10. Crosland, Anthony, The Future of Socialism, pp.9, 89. Constable (2006); Bevan, Aneurin, In place of Fear.
  11. "Yet Gordon was not without purpose: relentless, unreconstructed state-socialist redistribution." Gerald Warner, The Telegraph (UK), 'Gordon Brown: socialist wrecker of Britain's economy', July 21st, 2008, accessed 29/7/09
  12. 'Barack Obama and Gordon Brown: a two-man socialist Comintern' Gerald Warner, The Telegraph (UK), March 3rd, 2009,
  13. Obama's No Socialist. I Should Know. Washington Post, Billy Wharton, Sunday, March 15, 2009; Page B01
  14. Hannity, Glick Debate Socialism, Fox News, Monday, May 04, 2009,2933,518853,00.html
  15. Rasmussen Reports national telephone survey, 9 April 2009. Most widely cited was the Rasmussen finding that: "Adults under 30 are essentially evenly divided: 37% prefer capitalism, 33% socialism, and 30% are undecided". Compared to the last survey on 29 December 2008, Rasmussen reported a significant change.
  16. Summers Says U.S. Not In Danger Of Becoming Socialist State, Washington Post, 12/6/09 accessed 31/7/09
  17. Manifesto of the Communist Party, Chapter II. Proletarians and Communists, Selected works, 1968, p52,
  18. Manifesto of the Communist Party, Chapter III. Socialist and Communist Literature, section 1, Reactionary Socialism, Selected works, 1968, p56
  19. "While this “True” Socialism thus served the government as a weapon for fighting the German bourgeoisie, it, at the same time, directly represented a reactionary interest, the interest of German Philistines." Manifesto of the Communist Party, Chapter III. Socialist and Communist Literature, section 1, Reactionary Socialism, Selected works, 1968, p57.
  21. Marx, Critique of the Gotha Programme, "[before] part of the total product [is] divided among the individuals, there has to be deducted again... that which is intended for the common satisfaction of needs, such as schools, health services, etc. From the outset, this part grows considerably in comparison with present-day society, and it grows in proportion as the new society develops. Third, funds for those unable to work, etc., in short, for what is included under so-called official poor relief today."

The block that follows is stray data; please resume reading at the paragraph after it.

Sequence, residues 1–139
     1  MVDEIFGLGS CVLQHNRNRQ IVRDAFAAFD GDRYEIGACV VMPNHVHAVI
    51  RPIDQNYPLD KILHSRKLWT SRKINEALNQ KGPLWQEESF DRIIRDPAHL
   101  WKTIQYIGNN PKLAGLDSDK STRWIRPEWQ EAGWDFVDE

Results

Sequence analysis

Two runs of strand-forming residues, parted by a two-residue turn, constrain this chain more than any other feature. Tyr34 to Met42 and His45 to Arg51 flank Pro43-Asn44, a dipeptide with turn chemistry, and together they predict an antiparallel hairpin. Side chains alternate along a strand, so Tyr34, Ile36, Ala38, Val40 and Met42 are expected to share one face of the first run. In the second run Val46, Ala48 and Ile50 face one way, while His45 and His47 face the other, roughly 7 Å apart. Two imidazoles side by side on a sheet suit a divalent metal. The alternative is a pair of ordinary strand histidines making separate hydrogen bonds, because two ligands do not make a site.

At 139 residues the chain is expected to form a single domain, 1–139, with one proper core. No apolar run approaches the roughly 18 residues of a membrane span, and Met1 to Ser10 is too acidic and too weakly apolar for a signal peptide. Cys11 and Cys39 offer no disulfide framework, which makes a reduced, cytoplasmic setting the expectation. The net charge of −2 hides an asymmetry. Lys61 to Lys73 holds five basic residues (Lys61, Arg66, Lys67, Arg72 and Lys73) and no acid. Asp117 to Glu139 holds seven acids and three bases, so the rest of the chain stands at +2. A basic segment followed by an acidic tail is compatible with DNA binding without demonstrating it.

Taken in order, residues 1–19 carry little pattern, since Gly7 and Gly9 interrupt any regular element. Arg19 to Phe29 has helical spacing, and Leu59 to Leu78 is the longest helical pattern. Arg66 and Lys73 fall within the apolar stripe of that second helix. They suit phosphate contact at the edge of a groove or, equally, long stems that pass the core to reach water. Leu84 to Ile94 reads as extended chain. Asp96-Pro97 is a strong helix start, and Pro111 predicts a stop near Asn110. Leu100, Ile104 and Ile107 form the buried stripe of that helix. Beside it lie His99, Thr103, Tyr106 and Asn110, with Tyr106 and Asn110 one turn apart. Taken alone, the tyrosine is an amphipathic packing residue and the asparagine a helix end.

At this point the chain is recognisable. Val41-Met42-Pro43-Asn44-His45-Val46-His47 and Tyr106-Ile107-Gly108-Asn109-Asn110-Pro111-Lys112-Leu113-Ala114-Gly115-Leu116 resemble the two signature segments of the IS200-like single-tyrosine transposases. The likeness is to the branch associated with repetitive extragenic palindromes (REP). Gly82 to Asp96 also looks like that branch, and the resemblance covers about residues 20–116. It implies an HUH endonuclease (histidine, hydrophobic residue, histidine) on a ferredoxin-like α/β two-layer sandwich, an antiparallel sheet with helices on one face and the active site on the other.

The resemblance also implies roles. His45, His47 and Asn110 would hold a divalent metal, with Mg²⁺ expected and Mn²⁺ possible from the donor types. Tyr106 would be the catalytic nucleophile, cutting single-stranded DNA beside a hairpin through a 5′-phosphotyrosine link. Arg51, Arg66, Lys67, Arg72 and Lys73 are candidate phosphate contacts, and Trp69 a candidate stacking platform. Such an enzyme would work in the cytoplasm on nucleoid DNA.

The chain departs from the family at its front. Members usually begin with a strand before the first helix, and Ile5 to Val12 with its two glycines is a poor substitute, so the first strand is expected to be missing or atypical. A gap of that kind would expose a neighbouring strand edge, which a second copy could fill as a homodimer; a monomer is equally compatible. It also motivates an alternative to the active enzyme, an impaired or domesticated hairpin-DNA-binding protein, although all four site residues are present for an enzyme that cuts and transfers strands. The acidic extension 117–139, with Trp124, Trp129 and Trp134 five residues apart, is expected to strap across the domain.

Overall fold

23. "The Communist Manifesto had already proclaimed the winning of universal suffrage, of democracy, as one of the first and most important tasks of the militant proletariat, and Lassalle had again taken up this point. When Bismarck found himself compelled to introduce the franchise as the only means of interesting the mass of the people in his plans, our workers immediately took it in earnest and sent August Bebel to the first, constituent Reichstag." Engels, 1895 Introduction to republication of Marx, The Class Struggles In France, Marx and Engels Selected Works, p649,
  25. In 1949, after the intoduction of the NHS, Bevan reports (In Place of Fear, p. 146) that taxation for those earning less than £500 per annum (roughly £40,000 or $63,819 in wages in 2009 using the average earnings indicator), paid only 5.3% in tax, those earning half that paid only 1.1% tax, while those on less than £1000 (£80,000 in 2009, or $126,000) paid 14.8%. Most income for government spending was taken from corporate profits.
  26. Steger, Manfred. Selected Writings Of Eduard Bernstein, 1920-1921. New Jersey: Humanities Press, 1996.
  27. STATE CAPITALISM | International Communist Current
  28. Tony Cliff, for example. See: Tony Cliff's Internet Archive
  29. For instance, Peter Taaffe: "The Soviet bureaucracy and Western capitalism rested on mutually antagonistic social systems", The Rise of Militant, Chapter 34, Russia, Trotsky and the collapse of Stalinism